‘Winter is coming’: Allies fear Trump isn’t prepared for gathering legal storm

President Trump’s advisers and allies are increasingly worried that he has neither the staff nor the strategy to protect himself from a possible Democratic takeover of the House, which would empower the opposition party to shower the administration with subpoenas or even pursue impeachment charges

.. The president and some of his advisers have discussed possibly adding veteran defense attorney Abbe Lowell, who currently represents Trump son-in-law and senior adviser Jared Kushner, to Trump’s personal legal team

..Trump announced Wednesday that

  1. Donald McGahn will depart as White House counsel this fall, once the Senate confirms Supreme Court nominee Brett M. Kavanaugh. Three of McGahn’s deputies —
  2. Greg Katsas,
  3. Uttam Dhillon and
  4. Makan Delrahim — have departed, and a fourth,
  5. Stefan Passantino, will have his last day Friday.

That leaves John Eisenberg, who handles national security, as the lone deputy counsel.

.. McGahn and other aides have invoked the prospect of impeachment to persuade the president not to take actions or behave in ways that they believe would hurt him, officials said.

Still, Trump has not directed his lawyers or his political aides to prepare an action plan, leaving allies to fret that the president does not appreciate the magnitude of what could be in store next year.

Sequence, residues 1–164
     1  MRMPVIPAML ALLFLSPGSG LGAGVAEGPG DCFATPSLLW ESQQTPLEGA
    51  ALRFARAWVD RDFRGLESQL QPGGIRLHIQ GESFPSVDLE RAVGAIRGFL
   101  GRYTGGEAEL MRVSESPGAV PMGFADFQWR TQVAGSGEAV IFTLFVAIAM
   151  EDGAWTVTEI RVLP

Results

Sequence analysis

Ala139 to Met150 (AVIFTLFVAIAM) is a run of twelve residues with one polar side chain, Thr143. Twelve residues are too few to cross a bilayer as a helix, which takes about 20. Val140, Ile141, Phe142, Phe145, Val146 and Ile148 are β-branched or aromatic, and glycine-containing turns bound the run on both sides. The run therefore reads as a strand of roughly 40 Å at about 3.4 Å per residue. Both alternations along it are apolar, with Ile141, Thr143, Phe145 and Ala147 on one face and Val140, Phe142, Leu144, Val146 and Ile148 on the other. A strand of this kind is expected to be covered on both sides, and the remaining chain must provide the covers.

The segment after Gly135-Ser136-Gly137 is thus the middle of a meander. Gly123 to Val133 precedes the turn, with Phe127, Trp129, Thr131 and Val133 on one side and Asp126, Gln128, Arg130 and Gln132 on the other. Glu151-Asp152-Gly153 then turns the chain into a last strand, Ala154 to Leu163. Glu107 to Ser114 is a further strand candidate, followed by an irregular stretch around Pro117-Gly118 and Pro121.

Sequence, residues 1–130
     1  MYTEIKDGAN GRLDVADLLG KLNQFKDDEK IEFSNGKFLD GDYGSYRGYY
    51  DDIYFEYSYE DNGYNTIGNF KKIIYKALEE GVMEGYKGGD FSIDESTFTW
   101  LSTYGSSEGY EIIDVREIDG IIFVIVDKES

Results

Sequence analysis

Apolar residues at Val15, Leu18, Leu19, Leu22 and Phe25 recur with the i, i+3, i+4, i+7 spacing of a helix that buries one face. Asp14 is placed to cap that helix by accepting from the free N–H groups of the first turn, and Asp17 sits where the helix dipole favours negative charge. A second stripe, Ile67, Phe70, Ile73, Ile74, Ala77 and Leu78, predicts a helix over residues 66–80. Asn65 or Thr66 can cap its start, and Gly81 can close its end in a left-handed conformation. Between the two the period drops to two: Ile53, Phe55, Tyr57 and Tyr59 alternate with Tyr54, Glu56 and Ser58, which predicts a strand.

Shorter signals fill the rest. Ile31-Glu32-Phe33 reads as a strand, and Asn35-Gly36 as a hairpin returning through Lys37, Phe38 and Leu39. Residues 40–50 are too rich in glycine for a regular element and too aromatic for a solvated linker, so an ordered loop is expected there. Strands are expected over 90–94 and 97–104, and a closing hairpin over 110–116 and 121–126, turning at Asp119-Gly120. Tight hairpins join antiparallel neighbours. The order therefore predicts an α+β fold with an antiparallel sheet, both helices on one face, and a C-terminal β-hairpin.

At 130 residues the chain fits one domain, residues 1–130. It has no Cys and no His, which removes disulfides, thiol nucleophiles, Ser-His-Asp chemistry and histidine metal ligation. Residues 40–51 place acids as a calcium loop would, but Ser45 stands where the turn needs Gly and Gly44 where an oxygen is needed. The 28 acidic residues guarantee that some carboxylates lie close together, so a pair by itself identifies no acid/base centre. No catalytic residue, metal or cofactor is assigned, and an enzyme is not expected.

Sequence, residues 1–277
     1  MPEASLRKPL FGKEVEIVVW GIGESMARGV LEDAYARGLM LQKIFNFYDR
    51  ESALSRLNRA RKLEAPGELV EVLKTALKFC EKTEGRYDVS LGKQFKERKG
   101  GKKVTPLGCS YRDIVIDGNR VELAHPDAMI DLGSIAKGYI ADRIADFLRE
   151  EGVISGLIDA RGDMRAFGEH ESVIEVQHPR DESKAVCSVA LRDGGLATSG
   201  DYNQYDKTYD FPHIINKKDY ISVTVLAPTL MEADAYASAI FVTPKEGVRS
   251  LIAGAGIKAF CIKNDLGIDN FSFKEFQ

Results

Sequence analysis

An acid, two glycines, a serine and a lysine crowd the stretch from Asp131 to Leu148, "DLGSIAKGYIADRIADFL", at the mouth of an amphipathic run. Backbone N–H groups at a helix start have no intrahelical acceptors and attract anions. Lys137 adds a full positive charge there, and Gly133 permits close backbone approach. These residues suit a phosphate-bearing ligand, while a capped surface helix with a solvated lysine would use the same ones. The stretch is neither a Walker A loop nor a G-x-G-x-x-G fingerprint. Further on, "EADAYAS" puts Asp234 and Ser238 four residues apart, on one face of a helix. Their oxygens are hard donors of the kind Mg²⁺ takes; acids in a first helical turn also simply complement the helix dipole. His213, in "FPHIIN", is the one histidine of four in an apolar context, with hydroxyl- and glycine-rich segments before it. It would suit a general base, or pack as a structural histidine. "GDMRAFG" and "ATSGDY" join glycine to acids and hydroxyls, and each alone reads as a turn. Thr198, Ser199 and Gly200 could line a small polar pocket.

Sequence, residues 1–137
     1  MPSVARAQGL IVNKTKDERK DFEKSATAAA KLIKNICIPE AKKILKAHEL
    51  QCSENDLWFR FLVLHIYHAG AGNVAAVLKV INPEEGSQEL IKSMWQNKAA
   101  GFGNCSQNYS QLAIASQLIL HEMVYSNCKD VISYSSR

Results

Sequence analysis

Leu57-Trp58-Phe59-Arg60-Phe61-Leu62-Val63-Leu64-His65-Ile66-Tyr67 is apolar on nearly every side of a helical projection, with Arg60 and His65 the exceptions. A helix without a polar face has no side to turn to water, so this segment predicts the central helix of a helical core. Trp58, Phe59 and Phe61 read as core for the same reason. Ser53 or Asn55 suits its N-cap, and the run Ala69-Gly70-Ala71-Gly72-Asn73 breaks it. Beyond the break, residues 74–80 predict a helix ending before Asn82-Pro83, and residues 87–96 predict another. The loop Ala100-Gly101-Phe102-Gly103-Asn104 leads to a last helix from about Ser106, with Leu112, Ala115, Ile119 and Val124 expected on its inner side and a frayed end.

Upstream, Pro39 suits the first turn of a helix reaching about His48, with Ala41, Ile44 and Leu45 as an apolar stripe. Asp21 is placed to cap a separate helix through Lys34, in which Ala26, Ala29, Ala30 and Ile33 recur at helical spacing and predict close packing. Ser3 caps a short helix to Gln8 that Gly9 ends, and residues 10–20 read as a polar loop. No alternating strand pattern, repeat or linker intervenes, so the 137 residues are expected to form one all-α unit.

.. Trump attorney Rudolph W. Giuliani said he and the president have discussed the possibility that special counsel Robert S. Mueller III will issue a damning report to Congress.

.. If Democrats control the House, the oversight committees likely would use their subpoena power as a weapon to assail the administration, investigating with a vengeance. The committees could hold hearings about policies

  1. such as the travel ban affecting majority-Muslim countries and
  2. “zero tolerance” family separation, as well as on possible
  3. ethical misconduct throughout the administration or the Trump family’s private businesses.
..  “Assuming Democrats win the House, which we all believe is a very strong likelihood, the White House will be under siege. But it’s like tumbleweeds rolling down the halls over there. Nobody’s prepared for war.”
.. Trump has told confidants that some of his aides have highly competent lawyers such as Lowell, who represents Kushner, and William A. Burck, who represents McGahn as well as former White House chief of staff Reince Priebus and former White House chief strategist Stephen K. Bannon.